Round each to the nearest hundredth)

Note: Please understand the difference between simplifying
a square

root and approximating a square root. What you just did in the three

problems above was approximation, not simplification!

**Section 8.2: Multiplying and Simplifying Radical
Expressions**

Not all square roots are square roots for perfect squares
as you saw in the last

section. In this section you will learn how to simplify non-perfect square roots

without approximating them.

A. Multiplying Square Roots: The following is the rule for
multiplying

square roots.

(Note that the
opposite is true as well)

(These rules will serve us well)

B. Multiply the following square roots but do not simplify
at this time:

C. Simplifying a radical expression: When you want to
simplify a radical

that is not a perfect square you will factor it into a special product.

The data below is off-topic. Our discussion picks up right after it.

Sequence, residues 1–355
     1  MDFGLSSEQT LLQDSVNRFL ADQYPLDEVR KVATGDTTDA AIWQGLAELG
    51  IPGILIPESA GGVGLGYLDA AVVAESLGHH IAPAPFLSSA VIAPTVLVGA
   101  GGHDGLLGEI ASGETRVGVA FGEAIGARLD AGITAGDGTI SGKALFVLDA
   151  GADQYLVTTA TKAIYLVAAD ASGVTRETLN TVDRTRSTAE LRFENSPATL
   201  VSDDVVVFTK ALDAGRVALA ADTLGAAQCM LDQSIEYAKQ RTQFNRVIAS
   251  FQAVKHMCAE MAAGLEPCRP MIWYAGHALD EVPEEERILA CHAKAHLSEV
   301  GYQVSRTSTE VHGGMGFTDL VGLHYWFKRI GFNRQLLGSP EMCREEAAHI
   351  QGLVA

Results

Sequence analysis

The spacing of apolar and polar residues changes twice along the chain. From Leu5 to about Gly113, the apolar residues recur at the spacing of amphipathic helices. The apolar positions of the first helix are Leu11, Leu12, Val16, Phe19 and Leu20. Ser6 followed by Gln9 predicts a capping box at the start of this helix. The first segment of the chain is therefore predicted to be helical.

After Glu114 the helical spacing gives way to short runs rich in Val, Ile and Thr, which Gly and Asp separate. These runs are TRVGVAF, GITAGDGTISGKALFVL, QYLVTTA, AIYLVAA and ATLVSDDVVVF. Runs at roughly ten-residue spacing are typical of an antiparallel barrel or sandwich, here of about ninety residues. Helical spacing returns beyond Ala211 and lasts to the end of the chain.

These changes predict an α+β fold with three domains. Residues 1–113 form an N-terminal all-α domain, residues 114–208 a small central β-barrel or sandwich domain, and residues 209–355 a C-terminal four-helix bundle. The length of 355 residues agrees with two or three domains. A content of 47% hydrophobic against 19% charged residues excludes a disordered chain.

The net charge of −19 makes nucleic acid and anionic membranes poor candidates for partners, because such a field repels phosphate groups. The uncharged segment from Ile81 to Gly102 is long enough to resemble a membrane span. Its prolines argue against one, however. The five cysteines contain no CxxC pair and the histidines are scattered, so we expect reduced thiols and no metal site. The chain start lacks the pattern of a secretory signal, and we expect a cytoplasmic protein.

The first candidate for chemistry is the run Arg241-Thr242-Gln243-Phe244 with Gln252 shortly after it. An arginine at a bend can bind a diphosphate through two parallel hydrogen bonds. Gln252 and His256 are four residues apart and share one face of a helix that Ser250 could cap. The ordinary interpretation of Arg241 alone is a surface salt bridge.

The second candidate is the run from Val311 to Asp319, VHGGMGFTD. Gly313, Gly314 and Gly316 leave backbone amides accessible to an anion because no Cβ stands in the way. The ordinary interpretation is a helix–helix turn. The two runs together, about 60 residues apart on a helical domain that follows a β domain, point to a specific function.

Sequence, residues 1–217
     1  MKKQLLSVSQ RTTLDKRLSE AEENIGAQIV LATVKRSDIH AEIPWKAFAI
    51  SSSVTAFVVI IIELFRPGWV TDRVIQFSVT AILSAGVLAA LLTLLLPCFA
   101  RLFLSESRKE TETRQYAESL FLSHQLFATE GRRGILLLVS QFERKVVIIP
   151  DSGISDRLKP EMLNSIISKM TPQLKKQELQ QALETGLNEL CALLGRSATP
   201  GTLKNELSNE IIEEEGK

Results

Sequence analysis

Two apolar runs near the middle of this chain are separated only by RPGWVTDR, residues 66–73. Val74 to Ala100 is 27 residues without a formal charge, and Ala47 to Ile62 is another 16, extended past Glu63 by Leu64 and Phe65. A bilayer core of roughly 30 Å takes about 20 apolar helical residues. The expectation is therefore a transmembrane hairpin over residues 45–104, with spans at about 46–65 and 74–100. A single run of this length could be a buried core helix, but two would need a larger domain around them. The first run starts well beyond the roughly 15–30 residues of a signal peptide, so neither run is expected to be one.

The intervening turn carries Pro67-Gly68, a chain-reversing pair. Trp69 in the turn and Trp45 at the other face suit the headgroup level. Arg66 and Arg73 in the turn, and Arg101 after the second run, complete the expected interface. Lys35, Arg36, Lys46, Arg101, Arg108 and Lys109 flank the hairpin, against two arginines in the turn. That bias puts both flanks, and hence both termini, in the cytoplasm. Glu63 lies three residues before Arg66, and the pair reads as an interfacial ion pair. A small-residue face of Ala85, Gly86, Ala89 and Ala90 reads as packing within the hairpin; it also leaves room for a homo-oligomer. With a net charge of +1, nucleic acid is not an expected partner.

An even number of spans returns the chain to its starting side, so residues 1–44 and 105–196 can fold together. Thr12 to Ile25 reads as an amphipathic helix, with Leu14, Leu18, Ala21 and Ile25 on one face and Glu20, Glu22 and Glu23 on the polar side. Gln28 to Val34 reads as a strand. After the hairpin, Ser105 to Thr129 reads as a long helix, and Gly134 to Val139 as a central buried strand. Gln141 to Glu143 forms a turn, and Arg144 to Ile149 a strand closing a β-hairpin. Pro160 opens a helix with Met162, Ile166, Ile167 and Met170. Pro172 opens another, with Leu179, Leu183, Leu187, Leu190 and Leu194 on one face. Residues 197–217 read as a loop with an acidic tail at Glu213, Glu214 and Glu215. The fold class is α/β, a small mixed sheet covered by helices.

Record what you instructor shows you about this important skill.

D. Simplify the following examples:

E. Multiply the following radical expressions and then
simplify:

**Section 8.3: Quotients Involving Square Roots**

A. We have already learned to simplify radicals in
sections 8.1 and 8.2. In this

section we will learn how to remove radicals from the denominator of a

fraction.

1. Removing the radical from the denominator sometimes
makes the

expression easier to evaluate.

a. Estimate the following:

b. Rationalize the denominator: (This means that we will
remove the

radical, or irrational number from the denominator of the fraction).

c. Now estimate the result from “b” above:

B. The Quotient Rule for Square Roots:

The opposite of this
is true as well:

We will use these rules to help us simplify radical
expressions that

involve quotients: Work through the examples below to find out how.

C. Note the following:

D. Rationalize the denominator or simplify each of the
following expressions.

**Section 8.4: More Operations with Radicals**

Adding radical expression is very similar to adding “like
terms” in polynomials.

A. Some examples of polynomial addition and subtraction:

1. (2x^{2} + 3x – 5) + (7x^{2} – 6x + 11) =

2. (3x^{3} – 7x^{2} + 5x – 7) – (6x^{2} – 5x + 4) =

B. Some examples of addition of radical expressions. In
these examples the

radicals are treated somewhat like a variable (e.g. x or y) because they cannot